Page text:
placencia wrote:My opinions are in stark contrast to several people who have posted.
I read all of the E & Es over my 0L summer, and I would recommend doing it to everyone. I am planning on reading the E & Es for all of my classes next semester this summer, and I have talked with several friends, and we all agree this is the right move (if it matters, we all did extremely well). It's not about learning the material from the E & Es (although you probably could in certain situations...I would peruse the supplements over the course of the semester and reread each one entirely in the study period before each exam), it's about preparing you with the vocabulary and the framework for what you will be getting into. I knew about topics before they were introduced, I could see the larger framework of the course from the beginning, and I was able to understand the minutiae.
It's easy to say not to read them if you never did it, but for those who actually read them cover to cover before going to the classes, I don't know of anyone personally who wouldn't do it again. You have several months and nothing to do, any way you can cut down on what you're going to be learning for the first time once in school is an advantage.
Additionally, I highly recommend LEEWS. I got it and completed it over my 0L summer and then reviewed it several times over the course of the year, and it definitely paid off, even though only about half of my exams even used that style.
I probably read a dozen or more books before school, including GTM, the Complete Law School Companion, Law School: Getting In, Getting Good, Getting the Gold. Those books are always good to provide you with an overview, but other than GTM, I wouldn't say any are truly essential.
If I had to boil down my advice, it would be to read the E & Es, complete LEEWS, read GTM and maybe one or two other books...the point is that everyone sees things differently, but I don't think you can read too much, and the only two things that will actually save you time once you get to school are the E & Es (because it covers substantive material you will have to learn anyway) and LEEWS (because it is a good blueprint for how to deal with law school exams, even if you don't end up and follow it entirely).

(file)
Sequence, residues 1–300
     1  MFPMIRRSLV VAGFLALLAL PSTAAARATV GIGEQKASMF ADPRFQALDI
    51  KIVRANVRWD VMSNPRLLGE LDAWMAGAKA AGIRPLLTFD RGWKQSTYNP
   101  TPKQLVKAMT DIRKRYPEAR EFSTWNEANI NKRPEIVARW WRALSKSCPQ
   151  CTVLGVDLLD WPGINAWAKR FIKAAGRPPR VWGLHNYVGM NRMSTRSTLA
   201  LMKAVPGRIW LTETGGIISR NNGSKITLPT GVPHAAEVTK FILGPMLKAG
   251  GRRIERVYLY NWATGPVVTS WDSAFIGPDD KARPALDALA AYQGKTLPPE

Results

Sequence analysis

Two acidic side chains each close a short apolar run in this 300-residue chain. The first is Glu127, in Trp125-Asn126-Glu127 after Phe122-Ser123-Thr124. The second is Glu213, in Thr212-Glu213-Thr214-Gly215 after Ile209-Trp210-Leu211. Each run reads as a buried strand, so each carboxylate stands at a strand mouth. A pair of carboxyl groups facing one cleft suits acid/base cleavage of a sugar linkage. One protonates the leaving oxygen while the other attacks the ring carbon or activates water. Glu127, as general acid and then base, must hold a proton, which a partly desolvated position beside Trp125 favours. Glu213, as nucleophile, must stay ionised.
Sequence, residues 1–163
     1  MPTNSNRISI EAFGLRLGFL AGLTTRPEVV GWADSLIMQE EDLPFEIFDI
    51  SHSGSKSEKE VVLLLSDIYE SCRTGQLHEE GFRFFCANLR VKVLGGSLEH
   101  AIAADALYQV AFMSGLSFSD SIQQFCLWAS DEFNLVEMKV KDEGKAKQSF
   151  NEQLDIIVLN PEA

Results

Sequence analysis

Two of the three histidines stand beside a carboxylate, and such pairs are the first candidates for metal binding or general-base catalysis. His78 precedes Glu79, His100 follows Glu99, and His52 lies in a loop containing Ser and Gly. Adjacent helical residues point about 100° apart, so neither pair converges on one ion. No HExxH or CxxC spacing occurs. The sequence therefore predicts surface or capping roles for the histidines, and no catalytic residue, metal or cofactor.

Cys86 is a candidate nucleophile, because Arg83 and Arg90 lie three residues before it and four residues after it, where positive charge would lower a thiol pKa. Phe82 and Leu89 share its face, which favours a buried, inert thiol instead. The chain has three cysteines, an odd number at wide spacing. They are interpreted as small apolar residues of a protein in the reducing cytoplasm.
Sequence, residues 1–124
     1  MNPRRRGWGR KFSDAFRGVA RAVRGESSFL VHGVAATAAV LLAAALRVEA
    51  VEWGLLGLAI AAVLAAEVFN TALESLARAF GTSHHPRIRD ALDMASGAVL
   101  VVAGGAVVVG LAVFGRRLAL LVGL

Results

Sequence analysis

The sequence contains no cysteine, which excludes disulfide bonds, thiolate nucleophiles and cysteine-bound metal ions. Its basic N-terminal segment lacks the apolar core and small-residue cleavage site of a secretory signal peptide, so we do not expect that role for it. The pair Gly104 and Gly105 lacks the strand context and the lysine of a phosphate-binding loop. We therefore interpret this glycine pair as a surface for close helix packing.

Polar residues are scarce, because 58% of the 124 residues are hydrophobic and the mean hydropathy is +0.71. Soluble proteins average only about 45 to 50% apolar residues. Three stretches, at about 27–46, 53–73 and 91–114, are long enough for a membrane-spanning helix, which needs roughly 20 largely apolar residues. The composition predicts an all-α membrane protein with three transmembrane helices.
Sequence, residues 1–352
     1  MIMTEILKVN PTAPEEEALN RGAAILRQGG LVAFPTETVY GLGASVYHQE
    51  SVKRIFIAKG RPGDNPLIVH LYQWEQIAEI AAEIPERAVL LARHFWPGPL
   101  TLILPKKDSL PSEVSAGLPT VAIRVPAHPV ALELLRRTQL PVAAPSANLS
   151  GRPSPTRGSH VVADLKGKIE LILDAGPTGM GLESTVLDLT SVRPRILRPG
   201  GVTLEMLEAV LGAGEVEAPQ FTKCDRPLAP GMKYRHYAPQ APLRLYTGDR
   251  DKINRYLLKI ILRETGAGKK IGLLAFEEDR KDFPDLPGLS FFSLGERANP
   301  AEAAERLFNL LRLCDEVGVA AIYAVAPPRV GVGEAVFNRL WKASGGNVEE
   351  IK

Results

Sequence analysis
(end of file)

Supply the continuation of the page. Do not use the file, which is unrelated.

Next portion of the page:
0Ls, this is your definition of a gunner. I dont mean that in a negative way though. Placencia worked really hard and it paid off. Though I know of people who did not work nearly as hard before school and are around top 10%. It all depends on what your goals/priorities are. If you want to maximize you chance of top 10%, then I would suggest following most of what placencia did.
I read GTM and LSC. GTM was great for understanding IRAC, and how when profs say they want IRAC, they really want something slightly different. I thought LSC was also a great read (as did my wife) because it gave me an idea of what law school would be like. GTM is like reading a textbook IMO, while LSC was a much more casual read.
While my grades arent as impressive as others, I am still within the range I set out to be in (pending second semester grades
), so take my advice FWIW. However, I do have a 1L SA, and will be a TA for my writing prof next year.